"This paper addresses facets pertaining to a software life cycle management and how application of provisioning techniques can rationalize the management of it. It describes some of the problems and challenges many organizations face today; most of them related to either people, process and/or technology. It also provides some insight into how they may be addressed through the application of provisioning techniques, though not in technical terms. This would be impossible to do within the scope of this paper. The paper also provides some real-life examples of the tangible and intangible benefits an organization could typically expect when moving to apply concepts of application and service provisioning into their environments."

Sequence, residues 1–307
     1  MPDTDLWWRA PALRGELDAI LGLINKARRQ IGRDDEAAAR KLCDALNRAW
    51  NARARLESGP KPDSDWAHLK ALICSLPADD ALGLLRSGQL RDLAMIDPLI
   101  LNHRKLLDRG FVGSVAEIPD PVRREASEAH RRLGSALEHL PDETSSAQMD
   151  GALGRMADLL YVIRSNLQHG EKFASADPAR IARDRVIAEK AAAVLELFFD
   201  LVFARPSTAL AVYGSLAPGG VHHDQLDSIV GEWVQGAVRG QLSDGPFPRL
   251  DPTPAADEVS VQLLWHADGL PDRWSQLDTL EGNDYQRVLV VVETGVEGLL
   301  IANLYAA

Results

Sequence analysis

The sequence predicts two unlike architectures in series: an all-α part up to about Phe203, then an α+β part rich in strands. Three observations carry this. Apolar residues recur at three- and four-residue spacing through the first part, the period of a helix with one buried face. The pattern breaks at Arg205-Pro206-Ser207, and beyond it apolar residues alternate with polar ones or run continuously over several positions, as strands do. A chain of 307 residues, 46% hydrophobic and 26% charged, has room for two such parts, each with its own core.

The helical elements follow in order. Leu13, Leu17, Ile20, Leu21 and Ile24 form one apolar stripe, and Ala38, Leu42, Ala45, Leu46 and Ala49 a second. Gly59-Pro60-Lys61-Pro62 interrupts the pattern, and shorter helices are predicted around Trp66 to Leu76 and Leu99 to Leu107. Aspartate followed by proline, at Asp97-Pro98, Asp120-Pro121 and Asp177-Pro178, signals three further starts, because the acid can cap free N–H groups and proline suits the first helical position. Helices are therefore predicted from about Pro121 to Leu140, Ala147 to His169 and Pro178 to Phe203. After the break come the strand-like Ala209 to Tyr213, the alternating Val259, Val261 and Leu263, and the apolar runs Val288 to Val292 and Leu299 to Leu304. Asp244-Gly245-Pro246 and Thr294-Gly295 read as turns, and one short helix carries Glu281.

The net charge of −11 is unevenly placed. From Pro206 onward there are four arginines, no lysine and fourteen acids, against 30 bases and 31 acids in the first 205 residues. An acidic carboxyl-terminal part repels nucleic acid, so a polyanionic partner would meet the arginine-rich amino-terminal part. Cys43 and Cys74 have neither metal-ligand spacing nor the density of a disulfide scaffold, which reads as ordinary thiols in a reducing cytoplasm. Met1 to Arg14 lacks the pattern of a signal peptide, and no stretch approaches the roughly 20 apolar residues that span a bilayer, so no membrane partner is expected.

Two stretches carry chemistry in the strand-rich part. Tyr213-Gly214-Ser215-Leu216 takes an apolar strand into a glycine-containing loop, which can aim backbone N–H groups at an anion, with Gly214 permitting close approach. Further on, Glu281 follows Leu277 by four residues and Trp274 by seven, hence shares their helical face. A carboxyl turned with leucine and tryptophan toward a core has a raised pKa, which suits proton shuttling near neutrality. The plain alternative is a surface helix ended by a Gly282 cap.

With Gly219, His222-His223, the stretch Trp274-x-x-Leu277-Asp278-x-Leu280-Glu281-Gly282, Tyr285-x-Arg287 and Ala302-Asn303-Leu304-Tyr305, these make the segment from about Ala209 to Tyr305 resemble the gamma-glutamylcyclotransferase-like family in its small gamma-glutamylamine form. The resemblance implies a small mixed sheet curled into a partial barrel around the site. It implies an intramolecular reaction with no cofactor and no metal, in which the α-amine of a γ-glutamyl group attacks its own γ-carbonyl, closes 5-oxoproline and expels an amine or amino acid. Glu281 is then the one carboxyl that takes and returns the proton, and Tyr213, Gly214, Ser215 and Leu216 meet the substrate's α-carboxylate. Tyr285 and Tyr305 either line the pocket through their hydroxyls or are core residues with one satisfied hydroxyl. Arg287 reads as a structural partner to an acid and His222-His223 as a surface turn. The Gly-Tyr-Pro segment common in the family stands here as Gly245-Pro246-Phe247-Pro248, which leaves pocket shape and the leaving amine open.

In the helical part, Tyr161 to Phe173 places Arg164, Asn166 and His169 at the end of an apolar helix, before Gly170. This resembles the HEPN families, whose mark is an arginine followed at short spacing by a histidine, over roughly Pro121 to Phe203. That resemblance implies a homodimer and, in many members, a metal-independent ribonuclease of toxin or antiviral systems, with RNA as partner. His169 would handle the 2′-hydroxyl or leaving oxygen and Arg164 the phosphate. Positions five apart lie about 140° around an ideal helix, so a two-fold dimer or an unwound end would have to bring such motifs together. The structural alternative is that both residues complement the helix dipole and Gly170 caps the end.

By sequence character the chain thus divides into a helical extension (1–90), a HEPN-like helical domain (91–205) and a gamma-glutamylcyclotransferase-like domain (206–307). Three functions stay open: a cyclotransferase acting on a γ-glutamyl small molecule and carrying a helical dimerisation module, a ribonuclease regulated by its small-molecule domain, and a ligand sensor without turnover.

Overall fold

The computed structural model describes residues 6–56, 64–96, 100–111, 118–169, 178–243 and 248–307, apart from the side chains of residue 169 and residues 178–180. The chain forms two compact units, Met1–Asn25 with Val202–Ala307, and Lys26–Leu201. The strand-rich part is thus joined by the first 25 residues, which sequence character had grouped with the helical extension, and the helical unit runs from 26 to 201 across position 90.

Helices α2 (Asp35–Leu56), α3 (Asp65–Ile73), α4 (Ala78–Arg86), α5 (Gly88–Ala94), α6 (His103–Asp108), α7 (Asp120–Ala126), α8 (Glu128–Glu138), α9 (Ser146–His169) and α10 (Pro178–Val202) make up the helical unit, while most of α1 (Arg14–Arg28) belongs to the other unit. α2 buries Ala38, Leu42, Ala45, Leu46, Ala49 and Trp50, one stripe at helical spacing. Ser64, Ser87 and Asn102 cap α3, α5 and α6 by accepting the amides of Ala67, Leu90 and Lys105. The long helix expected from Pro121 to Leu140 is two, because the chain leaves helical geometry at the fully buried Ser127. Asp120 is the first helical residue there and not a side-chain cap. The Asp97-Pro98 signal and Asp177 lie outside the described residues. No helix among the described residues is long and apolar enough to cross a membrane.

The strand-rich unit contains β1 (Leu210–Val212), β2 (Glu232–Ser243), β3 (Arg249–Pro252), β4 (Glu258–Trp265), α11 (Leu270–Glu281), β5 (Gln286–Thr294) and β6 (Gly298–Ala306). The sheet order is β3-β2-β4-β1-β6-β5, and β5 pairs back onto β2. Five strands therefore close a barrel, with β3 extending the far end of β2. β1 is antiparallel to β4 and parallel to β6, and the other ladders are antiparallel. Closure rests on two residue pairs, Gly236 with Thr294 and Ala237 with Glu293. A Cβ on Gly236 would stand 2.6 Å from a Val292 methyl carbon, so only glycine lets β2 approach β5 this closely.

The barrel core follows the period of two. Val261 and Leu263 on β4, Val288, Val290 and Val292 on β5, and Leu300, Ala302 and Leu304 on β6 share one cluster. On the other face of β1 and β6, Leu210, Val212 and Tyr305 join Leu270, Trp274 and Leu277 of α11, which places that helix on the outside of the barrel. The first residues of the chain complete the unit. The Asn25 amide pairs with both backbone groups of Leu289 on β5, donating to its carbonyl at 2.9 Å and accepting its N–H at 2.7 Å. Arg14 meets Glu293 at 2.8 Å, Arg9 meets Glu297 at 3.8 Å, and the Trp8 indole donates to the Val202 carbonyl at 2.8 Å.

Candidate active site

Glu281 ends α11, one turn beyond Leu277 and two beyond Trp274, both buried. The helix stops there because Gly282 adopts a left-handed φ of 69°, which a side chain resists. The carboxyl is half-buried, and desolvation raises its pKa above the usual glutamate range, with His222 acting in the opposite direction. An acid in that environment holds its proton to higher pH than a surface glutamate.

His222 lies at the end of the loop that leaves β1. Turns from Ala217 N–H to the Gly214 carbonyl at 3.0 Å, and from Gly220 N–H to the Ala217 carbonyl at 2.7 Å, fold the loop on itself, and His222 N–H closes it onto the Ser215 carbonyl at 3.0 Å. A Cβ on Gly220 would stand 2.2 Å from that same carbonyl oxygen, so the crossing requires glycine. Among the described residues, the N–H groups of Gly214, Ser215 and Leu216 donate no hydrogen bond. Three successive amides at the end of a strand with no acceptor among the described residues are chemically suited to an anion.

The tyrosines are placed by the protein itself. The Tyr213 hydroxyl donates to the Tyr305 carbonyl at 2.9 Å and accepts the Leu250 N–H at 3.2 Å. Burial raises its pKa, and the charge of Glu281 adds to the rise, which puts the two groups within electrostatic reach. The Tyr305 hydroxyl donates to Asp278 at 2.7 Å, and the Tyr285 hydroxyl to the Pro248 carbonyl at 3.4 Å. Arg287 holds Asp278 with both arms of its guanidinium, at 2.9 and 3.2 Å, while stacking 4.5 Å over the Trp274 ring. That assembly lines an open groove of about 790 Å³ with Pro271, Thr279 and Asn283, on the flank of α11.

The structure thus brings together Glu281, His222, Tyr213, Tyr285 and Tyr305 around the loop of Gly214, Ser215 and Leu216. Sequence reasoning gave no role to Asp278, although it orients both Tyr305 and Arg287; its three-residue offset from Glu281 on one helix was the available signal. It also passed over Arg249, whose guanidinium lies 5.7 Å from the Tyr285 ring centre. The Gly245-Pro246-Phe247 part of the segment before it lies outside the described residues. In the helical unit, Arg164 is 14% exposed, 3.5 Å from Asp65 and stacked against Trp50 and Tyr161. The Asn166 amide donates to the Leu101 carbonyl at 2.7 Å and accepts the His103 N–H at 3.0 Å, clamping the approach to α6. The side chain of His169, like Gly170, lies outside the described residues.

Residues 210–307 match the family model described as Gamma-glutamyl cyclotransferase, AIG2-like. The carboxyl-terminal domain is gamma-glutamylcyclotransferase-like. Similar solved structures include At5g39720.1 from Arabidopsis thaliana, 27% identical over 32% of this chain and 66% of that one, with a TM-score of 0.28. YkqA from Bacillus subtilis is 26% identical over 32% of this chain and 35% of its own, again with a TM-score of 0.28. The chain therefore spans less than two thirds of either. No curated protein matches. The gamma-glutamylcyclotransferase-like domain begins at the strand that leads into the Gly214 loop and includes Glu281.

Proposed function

I find this space extremely interesting. It's not just about the technology, but more on how it is an 'engine' that the people and processes relies on. If used carefully, it can achieve that necessary balance between the people, the processes and the technology that is required to drive alignment. Not only within IT, but even between the "business" and IT. In an agile and dynamic enterprise these solutions can lay the foundation for breaking down the barriers between the business, the 'developers', the infrastructure and operations. Obviously, care have to be taken when doing the actual implementation, but if adopted and implemented successfully it can yield substantial benefits. Just have a look at the actual findings in the paper. They stem from actual real-life projects and are just simple 'hard-facts' that came from the implementations of these projects.